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Why are gas prices rising in California?

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David Pardo/ Victor Valley Daily Press/AP

(Read caption) Joanna Alvarez plays with a toy parachute man at the Arco gas station parking lot where gasoline is posted at $1.99 a gallon on Highway 395 and Three Flags Court in Oak Hills, Calif, on Wednesday, Feb. 24, 2016.

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Southern California's gas prices are expected to jump as much as 37 cents per gallon on Friday, but it should not be a bellwether for the nation.

The prediction comes from Consumer Watchdog, a progressive advocacy organization in Santa Monica, founded by Harvey Rosenfield, and stems from problems with the delivery of summer-blend gasoline to stations in southern California.

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Gas prices usually increase in the spring, as the Environmental Protection Agency requires refineries to produce less-evaporative gas after May 1, David Cook reported for The Christian Science Monitor. California's summer blend is state-specific, however, so the nation's transition should be less dramatic.

"The summer blend should not be responsible for more than a few pennies, maybe a dime,” Consumer Watchdog President Jamie Court said at a news conference, according to the Los Angeles Times.

The prediction of dramatic price increases in southern California is based mostly on the state market rather than the international flux of Saudi Arabia's record oil production, Iran's market ambitions, and the renewal of the domestic oil drilling in Texas and the Dakotas.

Although California's gas prices have been dropping alongside the nation's, they remain consistently higher, and Californians, with their wide-open spaces, sprawling cities, and largely nonexistent mass transit, have little choice but to accept them. California's average gas price is currently $2.34 per gallon, compared to $1.73 per gallon nationally, according to the American Automobile Association (AAA).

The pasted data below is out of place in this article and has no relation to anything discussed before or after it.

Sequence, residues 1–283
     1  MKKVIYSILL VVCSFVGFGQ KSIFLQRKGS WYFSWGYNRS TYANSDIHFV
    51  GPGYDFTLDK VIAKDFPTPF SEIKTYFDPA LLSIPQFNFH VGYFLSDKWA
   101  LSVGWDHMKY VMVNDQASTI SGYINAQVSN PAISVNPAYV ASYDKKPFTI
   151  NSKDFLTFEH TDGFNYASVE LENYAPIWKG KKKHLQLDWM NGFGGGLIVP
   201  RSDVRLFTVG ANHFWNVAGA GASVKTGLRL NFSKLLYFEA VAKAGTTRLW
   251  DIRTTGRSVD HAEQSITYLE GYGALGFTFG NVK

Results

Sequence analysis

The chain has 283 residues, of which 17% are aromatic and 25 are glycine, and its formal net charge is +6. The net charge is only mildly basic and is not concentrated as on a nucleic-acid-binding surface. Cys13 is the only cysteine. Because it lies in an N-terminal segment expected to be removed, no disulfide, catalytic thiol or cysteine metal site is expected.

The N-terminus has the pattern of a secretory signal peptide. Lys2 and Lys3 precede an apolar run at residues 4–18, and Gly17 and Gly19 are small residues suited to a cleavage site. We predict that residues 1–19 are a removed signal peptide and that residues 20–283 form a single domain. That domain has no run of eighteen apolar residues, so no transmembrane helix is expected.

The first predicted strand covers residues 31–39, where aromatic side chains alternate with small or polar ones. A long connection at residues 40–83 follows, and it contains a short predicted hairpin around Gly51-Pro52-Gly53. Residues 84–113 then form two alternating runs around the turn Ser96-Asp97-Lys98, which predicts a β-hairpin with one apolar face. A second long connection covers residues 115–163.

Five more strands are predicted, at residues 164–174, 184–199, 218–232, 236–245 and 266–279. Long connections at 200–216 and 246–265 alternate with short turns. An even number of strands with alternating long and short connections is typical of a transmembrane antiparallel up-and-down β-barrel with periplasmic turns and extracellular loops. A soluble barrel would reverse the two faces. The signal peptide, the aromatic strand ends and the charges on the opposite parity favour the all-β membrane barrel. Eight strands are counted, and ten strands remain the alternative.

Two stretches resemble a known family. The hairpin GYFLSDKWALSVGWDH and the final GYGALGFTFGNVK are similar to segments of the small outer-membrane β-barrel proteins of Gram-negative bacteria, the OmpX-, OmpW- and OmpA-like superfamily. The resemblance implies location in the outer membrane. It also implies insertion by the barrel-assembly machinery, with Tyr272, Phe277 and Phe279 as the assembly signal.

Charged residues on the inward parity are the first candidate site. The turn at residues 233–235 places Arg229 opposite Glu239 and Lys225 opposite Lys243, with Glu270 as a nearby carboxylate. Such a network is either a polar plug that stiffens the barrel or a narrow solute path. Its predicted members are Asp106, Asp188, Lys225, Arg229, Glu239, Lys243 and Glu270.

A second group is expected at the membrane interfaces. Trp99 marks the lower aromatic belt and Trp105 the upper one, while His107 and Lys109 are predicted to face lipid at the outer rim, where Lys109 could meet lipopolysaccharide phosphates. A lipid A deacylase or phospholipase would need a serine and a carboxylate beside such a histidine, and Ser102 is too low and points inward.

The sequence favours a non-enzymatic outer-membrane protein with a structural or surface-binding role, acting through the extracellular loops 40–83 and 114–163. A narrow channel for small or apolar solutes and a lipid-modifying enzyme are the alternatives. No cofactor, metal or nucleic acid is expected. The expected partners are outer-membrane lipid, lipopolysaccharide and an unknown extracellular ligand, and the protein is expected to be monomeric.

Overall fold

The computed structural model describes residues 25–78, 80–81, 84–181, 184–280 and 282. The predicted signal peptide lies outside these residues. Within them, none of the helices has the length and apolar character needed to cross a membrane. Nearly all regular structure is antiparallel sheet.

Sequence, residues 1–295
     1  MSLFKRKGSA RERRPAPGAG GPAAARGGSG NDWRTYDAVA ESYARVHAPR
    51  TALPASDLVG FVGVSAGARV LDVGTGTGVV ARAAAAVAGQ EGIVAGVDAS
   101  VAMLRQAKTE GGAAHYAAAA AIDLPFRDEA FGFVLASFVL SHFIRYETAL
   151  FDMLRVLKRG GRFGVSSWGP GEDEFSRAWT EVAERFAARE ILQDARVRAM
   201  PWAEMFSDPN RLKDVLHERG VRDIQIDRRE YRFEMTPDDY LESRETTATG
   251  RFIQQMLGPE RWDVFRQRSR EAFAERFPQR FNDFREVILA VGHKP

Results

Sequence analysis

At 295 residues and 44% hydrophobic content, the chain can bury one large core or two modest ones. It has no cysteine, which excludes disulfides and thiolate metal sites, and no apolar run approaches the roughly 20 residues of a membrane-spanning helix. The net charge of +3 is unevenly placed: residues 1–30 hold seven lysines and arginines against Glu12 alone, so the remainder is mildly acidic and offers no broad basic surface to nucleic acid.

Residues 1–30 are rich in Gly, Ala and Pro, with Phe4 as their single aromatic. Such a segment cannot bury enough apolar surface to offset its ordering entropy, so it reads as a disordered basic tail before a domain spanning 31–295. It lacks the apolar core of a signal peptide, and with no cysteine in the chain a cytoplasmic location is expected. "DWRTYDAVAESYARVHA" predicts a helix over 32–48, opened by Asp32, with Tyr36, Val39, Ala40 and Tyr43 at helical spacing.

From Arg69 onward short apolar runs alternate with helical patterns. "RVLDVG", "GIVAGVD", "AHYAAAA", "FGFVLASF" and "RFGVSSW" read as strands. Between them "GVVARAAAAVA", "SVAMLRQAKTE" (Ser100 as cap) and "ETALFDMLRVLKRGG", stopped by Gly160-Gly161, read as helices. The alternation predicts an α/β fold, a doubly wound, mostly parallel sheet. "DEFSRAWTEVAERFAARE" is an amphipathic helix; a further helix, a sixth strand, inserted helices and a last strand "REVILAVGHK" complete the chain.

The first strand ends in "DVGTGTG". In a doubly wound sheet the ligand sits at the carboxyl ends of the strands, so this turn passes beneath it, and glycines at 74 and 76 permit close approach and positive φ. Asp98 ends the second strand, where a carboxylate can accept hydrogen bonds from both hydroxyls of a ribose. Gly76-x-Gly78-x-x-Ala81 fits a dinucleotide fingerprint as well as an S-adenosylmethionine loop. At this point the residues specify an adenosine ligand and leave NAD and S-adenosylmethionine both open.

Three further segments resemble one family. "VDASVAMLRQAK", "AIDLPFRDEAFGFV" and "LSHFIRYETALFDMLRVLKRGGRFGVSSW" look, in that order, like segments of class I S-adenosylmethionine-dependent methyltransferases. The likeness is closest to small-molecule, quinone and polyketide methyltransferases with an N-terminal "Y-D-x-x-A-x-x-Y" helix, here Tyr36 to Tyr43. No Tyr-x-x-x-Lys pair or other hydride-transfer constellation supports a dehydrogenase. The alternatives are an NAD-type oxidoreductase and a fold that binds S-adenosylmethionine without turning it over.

In July 2015, gas prices in Los Angeles jumped to $5 per gallon and the statewide average was 95 cents higher than the national average following problems at local refineries, Ivan Penn reported for the LA Times.

“This is a complete disconnect with the rest of the country,” Tom Kloza, the global head of energy analysis at the independent Oil Price Information Service, told the LA Times. “This really is illustrative of the fact that California is its own market.”

California's gas prices are about 70 cents per gallon higher purely because of fees and regulations specific to the state, according to the LA Times. The state's requirement to sell low-pollution blends that are produced only in California refineries – the main issue in this expected price hike – also forces costs up. The relatively small number of oil refineries in the state also means that any small disruption in supply increases prices accordingly.

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"When four refiners control nearly 80 percent of the gasoline production and 75 percent of the stations in the area, this market is rigged for refiners’ profit and drivers’ pain," Mr. Court said in a news release.

This giant price rise is expected to remain concentrated in southern California, with even northern California experiencing only a quarter of the price spike, Gary Richards reported for the San Jose Mercury News.

"Northern Cal won't face the same spike," Court told the San Jose Mercury News. "The reason is the summer blend changeover took place according to schedule on Feb. 15 in the north but was delayed in the south for a week, and that caused this disruption."

Saudi Arabia's continuing resolve to keep oil production high will impact worldwide prices and should keep national gas prices generally low, unless the political situation changes dramatically. Prices will probably inch up during the spring though, as gas stations take advantage of warmer weather and Memorial Day travel.


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